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N Engl J Med. 1998 Jul 2;339(1):1-4.

The effects of self-administering emergency contraception.

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  • 1Edinburgh Healthcare National Health Service Trust Family Planning and Well Woman Services, Department of Obstetrics and Gynaecology, University of Edinburgh, Scotland, United Kingdom.

Abstract

BACKGROUND:

Emergency postcoital contraception prevents pregnancy, but it must be prescribed by a doctor and taken within 72 hours of intercourse. It has been proposed that emergency contraception be made available without a prescription. We undertook a study to learn how women might behave if given a supply of emergency contraceptive pills to keep at home.

METHODS:

We assigned 553 women to be given a replaceable supply of hormonal emergency contraceptive pills to take home (the treatment group) and 530 women to use emergency contraception obtained by visiting a doctor (the control group). The frequency of use of emergency contraception, the use of other contraceptives, and the incidence of unwanted pregnancy were determined in both groups of women one year later.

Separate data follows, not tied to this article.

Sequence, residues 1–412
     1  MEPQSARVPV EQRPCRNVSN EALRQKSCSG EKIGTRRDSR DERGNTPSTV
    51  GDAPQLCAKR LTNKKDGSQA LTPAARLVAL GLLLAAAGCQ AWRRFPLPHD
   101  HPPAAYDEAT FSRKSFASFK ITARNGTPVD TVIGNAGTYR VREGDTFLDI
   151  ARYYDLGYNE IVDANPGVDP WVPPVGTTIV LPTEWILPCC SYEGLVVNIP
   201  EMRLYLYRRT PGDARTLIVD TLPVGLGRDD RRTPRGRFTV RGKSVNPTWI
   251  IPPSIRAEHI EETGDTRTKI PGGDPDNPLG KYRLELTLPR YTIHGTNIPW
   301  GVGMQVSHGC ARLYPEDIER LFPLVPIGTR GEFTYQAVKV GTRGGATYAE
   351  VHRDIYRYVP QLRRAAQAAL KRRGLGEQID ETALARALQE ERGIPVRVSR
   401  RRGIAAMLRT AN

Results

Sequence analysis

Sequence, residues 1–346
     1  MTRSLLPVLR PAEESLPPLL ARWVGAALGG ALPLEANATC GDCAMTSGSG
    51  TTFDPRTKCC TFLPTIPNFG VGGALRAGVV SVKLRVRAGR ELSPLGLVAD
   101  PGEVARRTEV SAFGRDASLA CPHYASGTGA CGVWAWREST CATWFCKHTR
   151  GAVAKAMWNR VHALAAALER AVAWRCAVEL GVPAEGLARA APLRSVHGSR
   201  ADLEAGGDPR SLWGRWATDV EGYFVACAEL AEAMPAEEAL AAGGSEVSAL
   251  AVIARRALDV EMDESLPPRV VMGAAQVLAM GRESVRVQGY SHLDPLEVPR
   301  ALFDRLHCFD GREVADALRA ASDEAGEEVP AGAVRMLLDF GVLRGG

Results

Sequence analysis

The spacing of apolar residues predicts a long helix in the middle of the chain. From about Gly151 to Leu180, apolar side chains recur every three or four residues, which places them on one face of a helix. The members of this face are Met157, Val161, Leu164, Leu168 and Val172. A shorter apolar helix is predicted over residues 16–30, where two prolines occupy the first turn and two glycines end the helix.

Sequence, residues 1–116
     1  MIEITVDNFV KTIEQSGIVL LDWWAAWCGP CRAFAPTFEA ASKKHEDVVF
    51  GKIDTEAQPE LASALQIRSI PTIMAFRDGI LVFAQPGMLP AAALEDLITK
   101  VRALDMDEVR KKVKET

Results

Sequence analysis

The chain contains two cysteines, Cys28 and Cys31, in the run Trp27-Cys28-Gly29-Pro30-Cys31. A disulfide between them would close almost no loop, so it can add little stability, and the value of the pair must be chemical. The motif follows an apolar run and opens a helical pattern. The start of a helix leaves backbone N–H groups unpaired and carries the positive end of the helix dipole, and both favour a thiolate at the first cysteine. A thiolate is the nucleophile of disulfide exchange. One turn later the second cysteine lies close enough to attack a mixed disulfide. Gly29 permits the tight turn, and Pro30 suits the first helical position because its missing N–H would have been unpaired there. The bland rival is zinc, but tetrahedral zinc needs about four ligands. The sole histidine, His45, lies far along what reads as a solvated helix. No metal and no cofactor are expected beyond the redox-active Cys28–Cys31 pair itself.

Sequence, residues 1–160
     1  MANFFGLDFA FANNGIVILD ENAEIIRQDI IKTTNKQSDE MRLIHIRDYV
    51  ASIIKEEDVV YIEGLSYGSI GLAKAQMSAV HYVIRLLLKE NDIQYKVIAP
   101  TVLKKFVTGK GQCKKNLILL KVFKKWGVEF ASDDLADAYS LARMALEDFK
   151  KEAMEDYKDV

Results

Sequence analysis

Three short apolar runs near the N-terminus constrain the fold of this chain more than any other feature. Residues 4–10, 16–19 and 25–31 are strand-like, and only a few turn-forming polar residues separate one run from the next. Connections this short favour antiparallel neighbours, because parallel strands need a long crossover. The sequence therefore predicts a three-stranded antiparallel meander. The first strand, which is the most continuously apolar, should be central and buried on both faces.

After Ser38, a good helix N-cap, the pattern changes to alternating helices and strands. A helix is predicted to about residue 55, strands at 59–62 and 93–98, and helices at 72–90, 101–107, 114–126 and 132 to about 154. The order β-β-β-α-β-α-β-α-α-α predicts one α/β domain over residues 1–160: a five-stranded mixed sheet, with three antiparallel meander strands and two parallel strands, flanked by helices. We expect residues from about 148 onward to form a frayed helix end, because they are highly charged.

RESULTS:

The results for 549 women in the treatment group and 522 women in the control group were available for analysis. Three hundred seventy-nine of the women in the treatment group (69 percent) and 326 of the women in the control group (62 percent) contributed detailed information at follow-up. One hundred eighty of the women in the treatment group (47 percent) used emergency contraception at least once. Among those who returned the study questionnaire, 98 percent used emergency contraception correctly. There were no serious adverse effects. Eighty-seven women in the control group (27 percent) used emergency contraception at least once (P<0.001 for the comparison with the treatment group). The women in the treatment group were not more likely to use emergency contraception repeatedly. Their use of other methods of contraception was no different from that of the women in the control group. There were 18 unintended pregnancies in the treatment group and 25 in the control group (relative risk, 0.7; 95 percent confidence interval, 0.4 to 1.2).

CONCLUSIONS:

Making emergency contraception more easily obtainable does no harm and may reduce the rate of unwanted pregnancies.

PMID:
9647872
[PubMed - indexed for MEDLINE]
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